Remember when you were young? You probably resisted bedtime and made a fuss about “lights out” from time to time. Just ask your mom.
You are not alone. As they grow up, every child rebels against rules and restrictions. But according to sleep researchers at Penn State, children obtain better sleep in the presence of consistent habits and regular sleep routines.
These investigators evaluated 1,103 U.S. households with children aged 6 to 17 years old.
The researchers found that well-established rules such as a regular time for bed and a limited level of caffeine, led to appropriate sleep quantity and adequate sleep quality.
In contrast, when children had electronic devices available in their bedrooms after “lights out”, sleep deficiency occurred more frequently.
In fact, this study recommends that for children to receive optimum sleep, it is important to reduce technology and media into their nightly routine. The negative effect of “light-emitting technology” before bedtime has previously been shown to be a problem for adults, and now it appears to have the same harmful effects for childhood sleep.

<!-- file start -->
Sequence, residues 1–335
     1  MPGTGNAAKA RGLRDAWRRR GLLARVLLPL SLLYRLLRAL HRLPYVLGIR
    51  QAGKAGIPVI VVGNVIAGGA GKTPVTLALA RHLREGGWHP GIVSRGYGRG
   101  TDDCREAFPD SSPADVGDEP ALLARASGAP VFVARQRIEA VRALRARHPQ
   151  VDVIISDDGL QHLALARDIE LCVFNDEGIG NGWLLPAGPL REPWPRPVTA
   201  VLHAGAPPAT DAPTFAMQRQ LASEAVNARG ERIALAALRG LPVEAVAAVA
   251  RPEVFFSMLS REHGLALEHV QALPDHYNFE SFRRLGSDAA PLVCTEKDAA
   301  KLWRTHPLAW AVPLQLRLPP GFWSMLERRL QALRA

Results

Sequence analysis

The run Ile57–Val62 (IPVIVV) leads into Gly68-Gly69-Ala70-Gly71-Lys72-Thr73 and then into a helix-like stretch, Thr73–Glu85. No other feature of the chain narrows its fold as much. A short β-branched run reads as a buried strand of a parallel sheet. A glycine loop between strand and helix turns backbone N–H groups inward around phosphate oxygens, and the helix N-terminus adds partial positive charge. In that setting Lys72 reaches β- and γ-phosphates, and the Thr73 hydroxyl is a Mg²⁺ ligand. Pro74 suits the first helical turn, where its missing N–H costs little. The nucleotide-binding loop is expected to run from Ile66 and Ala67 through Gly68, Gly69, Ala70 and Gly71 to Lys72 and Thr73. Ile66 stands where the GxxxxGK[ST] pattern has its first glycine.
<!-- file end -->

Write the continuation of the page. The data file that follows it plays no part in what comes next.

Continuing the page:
Even reading on an iPad before bedtime, compared to reading a print book, can impair sleep, delay circadian timing and reduce alertness the following morning.
Television use in the bedroom was also associated with curtailed sleep in kids.
Unfortunately, this study showed that although the majority of parents support the importance of sleep, 90% of children in this study did not sleep the full amount of time recommended for their age group.
Some of the primary consequences of poor sleep among children and adolescents are:
- behavioral problems
- impaired learning and school performance
- sports injuries
- problems with mood and emotions
- increased tendency toward obesity
- susceptibility to high-risk behaviors including substance abuse and suicidal behaviors
Proper amounts of sleep are absolutely critical for children to stay healthy, grow, learn, do well in school and function at their best.
Regardless of a child’s age, a nightly bedtime ritual will promote good sleep habits long beyond childhood. For example:
- Stick to the same bedtime every night
- If this is difficult for your kids to accept, give them a “heads-up” 15 minutes and then 5 minutes before they need to hunker down
- Schedule a “winding-down” process. This can include a bath, story time, music or just a few minutes of conversation
Following a steady nighttime schedule will benefit the entire family to enjoy a peaceful night sleep.